The 2022-2024 Medium Term Expenditure Framework Fiscal Strategy document showed that government revenue from January to May 2021 was N1.8 trillion, a 33.3% shortfall of the budgeted amount. This indicates that the recent rise in crude oil prices (+46.4% YTD) has not improved the government’s fiscal position. We note that the OPEC+ agreement continues to place a cap on oil earnings, as crude oil production (excluding condensate) was 1.4mb/d in Q1.
As such, oil revenue was 48.4% lower than budgeted in the same period under review. In line with our view at the start of the year, recovery in economic activities supported the non-oil revenue, with the government missing its target slightly by 0.26%. This was driven by both VAT and CIT, which outperformed the budget by 24.7% and 2.4%, respectively.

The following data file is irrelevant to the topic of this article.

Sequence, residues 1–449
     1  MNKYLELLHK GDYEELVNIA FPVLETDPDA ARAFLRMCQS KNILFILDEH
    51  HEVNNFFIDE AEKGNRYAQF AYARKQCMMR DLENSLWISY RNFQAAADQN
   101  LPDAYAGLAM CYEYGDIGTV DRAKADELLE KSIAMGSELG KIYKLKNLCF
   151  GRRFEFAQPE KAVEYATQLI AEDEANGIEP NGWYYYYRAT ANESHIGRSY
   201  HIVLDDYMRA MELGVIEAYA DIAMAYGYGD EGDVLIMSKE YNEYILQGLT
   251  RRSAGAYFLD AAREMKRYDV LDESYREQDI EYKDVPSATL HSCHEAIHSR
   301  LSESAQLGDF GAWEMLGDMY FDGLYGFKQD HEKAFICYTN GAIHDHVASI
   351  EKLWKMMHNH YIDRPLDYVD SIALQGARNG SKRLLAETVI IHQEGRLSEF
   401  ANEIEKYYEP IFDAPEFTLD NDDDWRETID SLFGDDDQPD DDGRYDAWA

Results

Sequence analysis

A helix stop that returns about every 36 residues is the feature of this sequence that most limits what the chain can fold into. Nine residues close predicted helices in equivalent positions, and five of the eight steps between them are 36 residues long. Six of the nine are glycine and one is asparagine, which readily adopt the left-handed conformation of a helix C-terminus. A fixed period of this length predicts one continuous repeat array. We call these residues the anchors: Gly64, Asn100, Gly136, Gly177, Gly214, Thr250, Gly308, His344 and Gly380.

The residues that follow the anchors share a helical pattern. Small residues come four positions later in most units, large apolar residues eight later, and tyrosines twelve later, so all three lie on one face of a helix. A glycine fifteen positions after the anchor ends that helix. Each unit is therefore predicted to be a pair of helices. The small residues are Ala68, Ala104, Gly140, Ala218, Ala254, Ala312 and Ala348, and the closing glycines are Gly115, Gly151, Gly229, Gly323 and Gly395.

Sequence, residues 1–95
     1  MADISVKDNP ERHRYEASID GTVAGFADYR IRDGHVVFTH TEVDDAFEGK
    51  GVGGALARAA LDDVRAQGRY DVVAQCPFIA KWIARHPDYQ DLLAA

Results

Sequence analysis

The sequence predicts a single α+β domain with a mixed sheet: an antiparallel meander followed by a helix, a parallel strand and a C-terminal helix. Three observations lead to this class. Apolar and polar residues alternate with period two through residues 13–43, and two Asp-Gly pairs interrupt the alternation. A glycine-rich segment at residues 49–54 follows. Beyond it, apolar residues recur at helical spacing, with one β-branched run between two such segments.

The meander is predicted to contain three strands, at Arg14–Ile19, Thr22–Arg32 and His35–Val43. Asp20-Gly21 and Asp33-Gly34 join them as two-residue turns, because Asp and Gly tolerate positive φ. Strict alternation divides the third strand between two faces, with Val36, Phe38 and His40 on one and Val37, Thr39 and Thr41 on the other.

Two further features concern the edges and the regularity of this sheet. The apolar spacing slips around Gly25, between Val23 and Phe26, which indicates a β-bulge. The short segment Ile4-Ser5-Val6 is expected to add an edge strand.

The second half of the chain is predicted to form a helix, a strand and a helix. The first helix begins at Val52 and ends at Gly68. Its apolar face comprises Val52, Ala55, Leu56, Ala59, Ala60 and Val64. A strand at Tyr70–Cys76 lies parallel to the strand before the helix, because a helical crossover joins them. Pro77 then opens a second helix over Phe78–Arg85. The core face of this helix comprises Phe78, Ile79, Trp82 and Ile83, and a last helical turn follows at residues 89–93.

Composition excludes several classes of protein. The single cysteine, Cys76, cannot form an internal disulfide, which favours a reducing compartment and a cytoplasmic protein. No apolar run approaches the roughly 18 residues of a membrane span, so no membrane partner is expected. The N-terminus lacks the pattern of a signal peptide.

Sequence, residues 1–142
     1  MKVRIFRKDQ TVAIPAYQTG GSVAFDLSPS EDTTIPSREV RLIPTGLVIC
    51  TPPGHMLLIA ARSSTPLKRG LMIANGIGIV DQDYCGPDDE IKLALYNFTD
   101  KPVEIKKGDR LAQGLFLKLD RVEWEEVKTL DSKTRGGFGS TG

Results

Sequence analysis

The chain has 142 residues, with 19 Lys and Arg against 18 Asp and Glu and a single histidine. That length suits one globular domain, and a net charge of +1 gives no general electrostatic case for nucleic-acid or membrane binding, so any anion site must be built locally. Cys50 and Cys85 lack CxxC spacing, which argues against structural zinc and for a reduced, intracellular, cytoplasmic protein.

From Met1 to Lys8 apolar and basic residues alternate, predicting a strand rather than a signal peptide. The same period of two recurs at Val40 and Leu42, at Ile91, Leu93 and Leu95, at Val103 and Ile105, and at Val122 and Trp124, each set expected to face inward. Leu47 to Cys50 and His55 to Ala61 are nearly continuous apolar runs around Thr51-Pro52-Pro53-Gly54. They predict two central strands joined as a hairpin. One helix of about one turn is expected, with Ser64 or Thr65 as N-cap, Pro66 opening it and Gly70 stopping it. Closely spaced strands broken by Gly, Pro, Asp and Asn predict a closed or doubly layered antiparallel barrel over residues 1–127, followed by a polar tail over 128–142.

On the expenditure front, the budget implementation rate between January to May 2021 was 85.8%, with the shortfall emanating from CAPEX. Specifically, CAPEX was 43.1% lower than budgeted, as the government continues to increase recurrent expenditure. On a worrisome note, total debt servicing (N1.80 trillion) was 30.1% higher than budgeted. This was mainly driven by the interest payment on ways and means (government facility from the CBN), which settled at N480.52 billion (26.0% of the revenue). Consequently, the total debt servicing to revenue ratio came to 97.7% for the review period.
Over the second half of the year, we expect the oil revenue to improve, supported by increasing crude oil prices and improved crude oil production as OPEC production cuts reduce. Overall, we expect the fiscal deficit to print at 5% of GDP in 2021. Furthermore, Nigeria currently pays about N140 billion per month as fuel subsidy, which translates to about N1.7 trillion yearly. As such, if crude oil prices continue to soar, we expect fuel subsidy to total
revenue to settle at 30% by year-end.
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